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J Neurosci. 2016 Feb 3;36(5):1730-46. doi: 10.1523/JNEUROSCI.2735-15.2016.

Single-Cell Detection of Secreted Aβ and sAPPα from Human IPSC-Derived Neurons and Astrocytes.

Author information

1
Ann Romney Center for Neurologic Diseases, Brigham and Women's Hospital and Harvard Medical School, Boston, Massachusetts 02115, and.
2
Koch Institute for Integrative Cancer Research and.
3
Koch Institute for Integrative Cancer Research and Department of Chemical Engineering, Massachusetts Institute of Technology, Cambridge, Massachusetts 02139.
4
Ann Romney Center for Neurologic Diseases, Brigham and Women's Hospital and Harvard Medical School, Boston, Massachusetts 02115, and tyoung@rics.bwh.harvard.edu.

Abstract

Secreted factors play a central role in normal and pathological processes in every tissue in the body. The brain is composed of a highly complex milieu of different cell types and few methods exist that can identify which individual cells in a complex mixture are secreting specific analytes. By identifying which cells are responsible, we can better understand neural physiology and pathophysiology, more readily identify the underlying pathways responsible for analyte production, and ultimately use this information to guide the development of novel therapeutic strategies that target the cell types of relevance. We present here a method for detecting analytes secreted from single human induced pluripotent stem cell (iPSC)-derived neural cells and have applied the method to measure amyloid β (Aβ) and soluble amyloid precursor protein-alpha (sAPPα), analytes central to Alzheimer's disease pathogenesis. Through these studies, we have uncovered the dynamic range of secretion profiles of these analytes from single iPSC-derived neuronal and glial cells and have molecularly characterized subpopulations of these cells through immunostaining and gene expression analyses. In examining Aβ and sAPPα secretion from single cells, we were able to identify previously unappreciated complexities in the biology of APP cleavage that could not otherwise have been found by studying averaged responses over pools of cells. This technique can be readily adapted to the detection of other analytes secreted by neural cells, which would have the potential to open new perspectives into human CNS development and dysfunction.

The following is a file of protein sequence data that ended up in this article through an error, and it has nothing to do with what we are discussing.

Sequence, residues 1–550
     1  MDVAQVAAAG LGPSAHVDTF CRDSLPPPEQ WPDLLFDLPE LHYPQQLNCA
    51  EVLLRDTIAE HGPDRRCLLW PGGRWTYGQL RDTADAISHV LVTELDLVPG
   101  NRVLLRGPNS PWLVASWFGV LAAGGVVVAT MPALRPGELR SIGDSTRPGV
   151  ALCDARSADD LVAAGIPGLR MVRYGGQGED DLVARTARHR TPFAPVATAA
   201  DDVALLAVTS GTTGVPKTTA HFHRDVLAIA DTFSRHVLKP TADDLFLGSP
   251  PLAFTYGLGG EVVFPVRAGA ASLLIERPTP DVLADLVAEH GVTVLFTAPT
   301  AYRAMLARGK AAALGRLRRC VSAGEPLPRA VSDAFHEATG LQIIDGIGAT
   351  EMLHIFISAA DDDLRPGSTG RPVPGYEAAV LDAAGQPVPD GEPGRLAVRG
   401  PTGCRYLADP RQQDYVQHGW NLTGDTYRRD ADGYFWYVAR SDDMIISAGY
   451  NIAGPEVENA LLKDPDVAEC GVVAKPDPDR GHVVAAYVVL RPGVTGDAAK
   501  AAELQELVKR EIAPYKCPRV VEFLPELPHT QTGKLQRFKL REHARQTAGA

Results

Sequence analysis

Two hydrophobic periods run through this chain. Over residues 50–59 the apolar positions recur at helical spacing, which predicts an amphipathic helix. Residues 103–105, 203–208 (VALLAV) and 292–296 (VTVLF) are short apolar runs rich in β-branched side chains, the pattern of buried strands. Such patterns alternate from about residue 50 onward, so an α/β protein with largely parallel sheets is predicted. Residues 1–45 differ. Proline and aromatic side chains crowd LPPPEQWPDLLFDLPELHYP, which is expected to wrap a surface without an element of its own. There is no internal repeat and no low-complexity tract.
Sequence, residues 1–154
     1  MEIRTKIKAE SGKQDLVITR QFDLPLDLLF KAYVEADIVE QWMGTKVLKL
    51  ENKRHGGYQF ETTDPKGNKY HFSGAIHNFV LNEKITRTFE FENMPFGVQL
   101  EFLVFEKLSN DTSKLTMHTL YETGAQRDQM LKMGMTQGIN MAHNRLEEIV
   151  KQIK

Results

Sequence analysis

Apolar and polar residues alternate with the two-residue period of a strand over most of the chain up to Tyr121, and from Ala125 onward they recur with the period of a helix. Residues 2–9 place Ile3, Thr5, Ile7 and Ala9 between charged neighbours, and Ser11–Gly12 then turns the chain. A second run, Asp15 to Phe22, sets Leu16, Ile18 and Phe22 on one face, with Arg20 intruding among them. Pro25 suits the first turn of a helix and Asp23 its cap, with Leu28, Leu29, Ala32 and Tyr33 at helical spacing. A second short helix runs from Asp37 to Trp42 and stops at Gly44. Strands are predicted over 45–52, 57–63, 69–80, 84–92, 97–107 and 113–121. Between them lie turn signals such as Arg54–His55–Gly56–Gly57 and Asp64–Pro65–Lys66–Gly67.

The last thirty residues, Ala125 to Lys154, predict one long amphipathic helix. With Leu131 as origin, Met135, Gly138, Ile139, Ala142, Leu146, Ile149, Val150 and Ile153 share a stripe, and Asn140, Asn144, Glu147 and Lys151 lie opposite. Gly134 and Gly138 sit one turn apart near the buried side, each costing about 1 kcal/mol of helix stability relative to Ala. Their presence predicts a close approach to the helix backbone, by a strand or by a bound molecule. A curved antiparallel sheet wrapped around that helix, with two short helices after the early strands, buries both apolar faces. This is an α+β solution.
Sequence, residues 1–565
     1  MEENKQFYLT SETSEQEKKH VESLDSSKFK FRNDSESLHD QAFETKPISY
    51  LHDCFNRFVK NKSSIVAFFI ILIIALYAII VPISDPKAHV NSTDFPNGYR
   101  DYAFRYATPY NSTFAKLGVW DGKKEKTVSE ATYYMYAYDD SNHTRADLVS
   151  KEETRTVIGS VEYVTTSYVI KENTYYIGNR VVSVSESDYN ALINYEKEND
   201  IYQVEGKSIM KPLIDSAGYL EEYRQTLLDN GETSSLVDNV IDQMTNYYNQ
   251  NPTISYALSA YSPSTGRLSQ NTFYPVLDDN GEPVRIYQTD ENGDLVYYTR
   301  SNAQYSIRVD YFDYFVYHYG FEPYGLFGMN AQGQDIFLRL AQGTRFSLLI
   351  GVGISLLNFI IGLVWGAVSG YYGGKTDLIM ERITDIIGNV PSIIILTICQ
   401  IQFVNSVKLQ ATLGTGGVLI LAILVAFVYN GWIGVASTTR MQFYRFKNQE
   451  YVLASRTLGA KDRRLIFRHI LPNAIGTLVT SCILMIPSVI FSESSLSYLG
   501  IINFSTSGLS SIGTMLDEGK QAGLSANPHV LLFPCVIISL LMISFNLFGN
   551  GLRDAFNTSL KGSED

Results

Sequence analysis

SIGNIFICANCE STATEMENT:

We have established a technology that, for the first time, detects secreted analytes from single human neurons and astrocytes. We examine secretion of the Alzheimer's disease-relevant factors amyloid β (Aβ) and soluble amyloid precursor protein-alpha (sAPPα) and present novel findings that could not have been observed without a single-cell analytical platform. First, we identify a previously unappreciated subpopulation that secretes high levels of Aβ in the absence of detectable sAPPα. Further, we show that multiple cell types secrete high levels of Aβ and sAPPα, but cells expressing GABAergic neuronal markers are overrepresented. Finally, we show that astrocytes are competent to secrete high levels of Aβ and therefore may be a significant contributor to Aβ accumulation in the brain.

KEYWORDS:

APP; Alzheimer's disease; Aβ; iPSC; microengraving; single cell

PMID:
26843653
PMCID:
PMC4737781
DOI:
10.1523/JNEUROSCI.2735-15.2016
[Indexed for MEDLINE]
Free PMC Article

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